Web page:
Arriving in America as religious outcasts seeking inclusive experiences of God, the Religious Society of Friends has sought religious freedom. Germantown Friends School is a Quaker school and is greatly enriched by the religious diversity of our school community. Because many faith traditions are represented in the practices of our families, the spiritual community of the school is indeed strengthened by a wide range of experiences and perspectives. Grounded in the belief that each person is endowed with a measure of the divine light, the Society of Friends values the many paths of spiritual pursuit represented in individual lives and in the world’s many faith traditions. We believe that religious diversity presents an opportunity for mutual education about our different and shared beliefs, values, and traditions.

As a school we seek to affirm the religious practices and observances of families and to avoid as much as possible conflict between religious holiday observance and school commitments. Faculty are encouraged to be proactive in planning assignments, tests, and school events mindful of religious holidays and will work with individual students when conflicts are unavoidable. With a written request from parents, students will be excused from or have school obligations modified for any religious holiday observances. The extent of our diversity prevents us from closing school for some holy days, but we will work with students as much as possible to allow their full participation in both school and family religious events.


Just as Germantown Friends School is enriched by a community comprised of different religions, races and ethnicities, it is also enriched by the fact that our students, parents, faculty, administrators and staff are lesbian, gay, bisexual, transgender and questioning (LGBTQ), as well as heterosexual. The diversity of individuals and families represented in our school bring the richness and perspective of diverse sexual orientations to our school culture. Respect and appreciation for everyone, individuals and families, in all their variety and complexity, are guiding principles as we teach, study and play together and learn from each other.

GFS strives to create an inclusive environment for LGBTQ students, faculty, staff and parents while respecting personal preferences for involvement and openness. Toward that goal we endeavor to eliminate homophobia and to challenge heterosexism. We strive to be intentional and inclusive as we weave LGBTQ issues into our curriculum, in an age-appropriate manner.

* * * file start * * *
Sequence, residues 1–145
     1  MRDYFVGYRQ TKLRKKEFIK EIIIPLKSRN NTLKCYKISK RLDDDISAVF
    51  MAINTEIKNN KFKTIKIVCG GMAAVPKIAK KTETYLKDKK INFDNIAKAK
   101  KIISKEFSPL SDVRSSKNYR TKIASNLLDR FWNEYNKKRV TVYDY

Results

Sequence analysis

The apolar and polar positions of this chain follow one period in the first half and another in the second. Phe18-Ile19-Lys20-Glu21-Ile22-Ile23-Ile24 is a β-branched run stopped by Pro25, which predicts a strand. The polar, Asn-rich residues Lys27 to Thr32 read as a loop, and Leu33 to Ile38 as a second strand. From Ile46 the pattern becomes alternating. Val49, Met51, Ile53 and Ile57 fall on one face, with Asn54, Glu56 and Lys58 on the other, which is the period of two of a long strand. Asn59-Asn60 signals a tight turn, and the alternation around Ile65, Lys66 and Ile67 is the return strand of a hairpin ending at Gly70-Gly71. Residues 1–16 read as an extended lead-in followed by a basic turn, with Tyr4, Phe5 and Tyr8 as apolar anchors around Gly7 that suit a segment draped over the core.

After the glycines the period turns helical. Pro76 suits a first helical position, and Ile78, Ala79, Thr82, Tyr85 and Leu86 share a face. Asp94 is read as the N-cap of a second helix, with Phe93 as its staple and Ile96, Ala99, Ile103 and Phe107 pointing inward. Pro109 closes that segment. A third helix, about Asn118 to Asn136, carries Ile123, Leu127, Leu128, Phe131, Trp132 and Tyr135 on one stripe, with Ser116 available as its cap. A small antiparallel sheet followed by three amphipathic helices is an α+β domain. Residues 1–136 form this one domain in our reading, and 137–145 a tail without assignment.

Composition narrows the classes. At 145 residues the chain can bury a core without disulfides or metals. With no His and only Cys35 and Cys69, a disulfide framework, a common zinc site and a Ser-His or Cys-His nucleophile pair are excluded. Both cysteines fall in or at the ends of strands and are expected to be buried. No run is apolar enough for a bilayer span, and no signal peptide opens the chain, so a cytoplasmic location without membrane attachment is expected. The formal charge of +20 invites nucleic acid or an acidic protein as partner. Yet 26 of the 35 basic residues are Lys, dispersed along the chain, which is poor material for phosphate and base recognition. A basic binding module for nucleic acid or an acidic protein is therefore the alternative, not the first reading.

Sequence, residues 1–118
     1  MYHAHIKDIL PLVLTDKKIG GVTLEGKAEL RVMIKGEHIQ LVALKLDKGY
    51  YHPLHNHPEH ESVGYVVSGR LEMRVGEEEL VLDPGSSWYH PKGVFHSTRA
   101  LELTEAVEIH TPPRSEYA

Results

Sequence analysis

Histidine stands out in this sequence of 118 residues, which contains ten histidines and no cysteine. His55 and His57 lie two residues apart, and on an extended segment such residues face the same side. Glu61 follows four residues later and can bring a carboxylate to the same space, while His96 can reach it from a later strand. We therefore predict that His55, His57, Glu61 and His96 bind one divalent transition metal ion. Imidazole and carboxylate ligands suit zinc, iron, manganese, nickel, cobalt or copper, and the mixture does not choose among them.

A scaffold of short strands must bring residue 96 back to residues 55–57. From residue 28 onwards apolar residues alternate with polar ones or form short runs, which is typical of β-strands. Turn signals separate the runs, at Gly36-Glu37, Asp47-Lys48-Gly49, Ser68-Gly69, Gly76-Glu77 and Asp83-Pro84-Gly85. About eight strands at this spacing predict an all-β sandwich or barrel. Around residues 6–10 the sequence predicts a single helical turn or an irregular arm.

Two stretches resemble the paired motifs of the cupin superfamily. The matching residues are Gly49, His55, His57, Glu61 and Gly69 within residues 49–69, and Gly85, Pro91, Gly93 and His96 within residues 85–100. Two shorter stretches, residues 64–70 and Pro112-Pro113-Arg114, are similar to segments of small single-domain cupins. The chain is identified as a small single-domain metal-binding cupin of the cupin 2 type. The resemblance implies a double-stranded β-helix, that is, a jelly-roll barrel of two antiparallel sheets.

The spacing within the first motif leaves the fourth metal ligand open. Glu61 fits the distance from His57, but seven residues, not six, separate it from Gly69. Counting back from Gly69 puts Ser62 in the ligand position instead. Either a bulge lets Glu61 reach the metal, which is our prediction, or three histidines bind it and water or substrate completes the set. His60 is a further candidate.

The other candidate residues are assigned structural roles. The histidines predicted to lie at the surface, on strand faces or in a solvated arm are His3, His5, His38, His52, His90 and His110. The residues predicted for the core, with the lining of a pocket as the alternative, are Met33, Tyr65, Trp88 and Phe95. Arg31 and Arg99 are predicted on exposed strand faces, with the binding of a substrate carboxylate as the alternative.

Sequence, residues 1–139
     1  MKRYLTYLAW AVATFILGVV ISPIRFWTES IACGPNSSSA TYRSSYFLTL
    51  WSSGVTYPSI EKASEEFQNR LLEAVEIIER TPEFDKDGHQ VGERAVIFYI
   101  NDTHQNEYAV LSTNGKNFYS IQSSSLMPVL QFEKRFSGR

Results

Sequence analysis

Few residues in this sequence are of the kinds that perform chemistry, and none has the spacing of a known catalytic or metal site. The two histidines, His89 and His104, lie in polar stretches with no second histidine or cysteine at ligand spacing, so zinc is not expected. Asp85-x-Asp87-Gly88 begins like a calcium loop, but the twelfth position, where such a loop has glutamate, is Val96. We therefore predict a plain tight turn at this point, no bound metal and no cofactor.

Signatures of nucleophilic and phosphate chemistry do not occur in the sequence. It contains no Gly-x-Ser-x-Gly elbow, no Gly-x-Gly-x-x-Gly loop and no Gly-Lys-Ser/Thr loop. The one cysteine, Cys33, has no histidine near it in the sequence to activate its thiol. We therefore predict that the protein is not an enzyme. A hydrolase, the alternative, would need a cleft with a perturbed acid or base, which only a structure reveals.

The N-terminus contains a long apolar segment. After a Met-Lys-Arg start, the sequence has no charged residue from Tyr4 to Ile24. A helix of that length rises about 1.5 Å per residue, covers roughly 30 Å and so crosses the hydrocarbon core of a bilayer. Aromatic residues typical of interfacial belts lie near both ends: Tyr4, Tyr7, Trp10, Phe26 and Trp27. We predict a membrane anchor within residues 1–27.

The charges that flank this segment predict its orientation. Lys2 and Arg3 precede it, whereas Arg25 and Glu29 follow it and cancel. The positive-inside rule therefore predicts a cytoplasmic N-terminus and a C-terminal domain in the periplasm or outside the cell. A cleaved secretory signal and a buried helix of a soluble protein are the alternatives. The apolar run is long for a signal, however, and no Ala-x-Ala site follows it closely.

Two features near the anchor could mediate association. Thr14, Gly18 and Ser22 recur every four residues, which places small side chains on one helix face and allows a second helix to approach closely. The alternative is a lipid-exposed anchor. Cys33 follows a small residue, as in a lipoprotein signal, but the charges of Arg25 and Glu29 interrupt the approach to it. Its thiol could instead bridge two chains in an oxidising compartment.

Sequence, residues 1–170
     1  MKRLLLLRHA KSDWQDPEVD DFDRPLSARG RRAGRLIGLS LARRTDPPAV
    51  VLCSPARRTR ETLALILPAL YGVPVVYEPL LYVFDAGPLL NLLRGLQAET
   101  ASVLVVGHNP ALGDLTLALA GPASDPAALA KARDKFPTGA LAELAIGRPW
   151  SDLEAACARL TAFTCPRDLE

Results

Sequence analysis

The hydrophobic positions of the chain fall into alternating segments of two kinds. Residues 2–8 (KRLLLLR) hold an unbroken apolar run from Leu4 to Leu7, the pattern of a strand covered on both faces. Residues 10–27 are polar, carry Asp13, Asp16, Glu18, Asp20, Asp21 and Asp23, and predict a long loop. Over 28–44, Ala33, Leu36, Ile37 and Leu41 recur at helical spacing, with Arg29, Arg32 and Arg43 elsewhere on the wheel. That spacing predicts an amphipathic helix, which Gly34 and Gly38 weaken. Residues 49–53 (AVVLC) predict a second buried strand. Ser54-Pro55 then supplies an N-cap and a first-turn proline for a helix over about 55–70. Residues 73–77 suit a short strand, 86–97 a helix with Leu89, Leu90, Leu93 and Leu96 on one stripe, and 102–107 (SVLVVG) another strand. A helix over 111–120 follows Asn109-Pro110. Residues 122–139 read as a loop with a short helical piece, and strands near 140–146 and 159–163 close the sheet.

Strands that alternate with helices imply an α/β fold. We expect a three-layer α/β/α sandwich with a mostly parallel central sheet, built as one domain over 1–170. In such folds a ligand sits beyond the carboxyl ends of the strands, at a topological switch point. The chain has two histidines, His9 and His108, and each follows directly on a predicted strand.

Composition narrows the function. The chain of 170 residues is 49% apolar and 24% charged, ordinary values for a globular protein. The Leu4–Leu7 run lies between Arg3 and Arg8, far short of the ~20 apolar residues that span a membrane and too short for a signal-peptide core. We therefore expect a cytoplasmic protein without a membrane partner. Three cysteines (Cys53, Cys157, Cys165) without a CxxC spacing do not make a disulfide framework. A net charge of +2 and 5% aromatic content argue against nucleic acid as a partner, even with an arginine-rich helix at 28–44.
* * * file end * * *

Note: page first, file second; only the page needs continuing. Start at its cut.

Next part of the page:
We recognize that sexual orientation and gender expression and identity are distinct in the experience of individuals. In this knowing, we seek to be a safe and welcoming school for transgender, genderqueer, and gender non-conforming students and adults, honoring the diversity of gender expression. We seek to avoid insensitive gender assumptions, and to support all in their individual expression of gender and identity.


Given that class stratification is a reality of the United States, a family’s socioeconomic status or class identity can contribute a substantial source of experience and perspective to the school community. GFS attempts to bring together students and families based on shared interests, talents and values and to acknowledge the significance of differences in income and/or wealth in our community. As we do so, we attempt to deal honestly with the societal tensions among the poor, working class, middle class, and the wealthy and to have our school community benefit from the knowledge and experiences of students whose families may struggle economically alongside those who may be economically privileged.

We affirm our commitment to be an economically diverse community, finding value in both our class differences and in our shared experiences. We aspire to support our families by increasing the pool of available financial aid.


The ultimate challenge to Germantown Friends School–our country and the world–is to simultaneously embrace our common humanity and our differences, our understanding that we are equal as children of God, and that we are, individually and collectively, part of a larger community where we are called to love others and to be loved by them.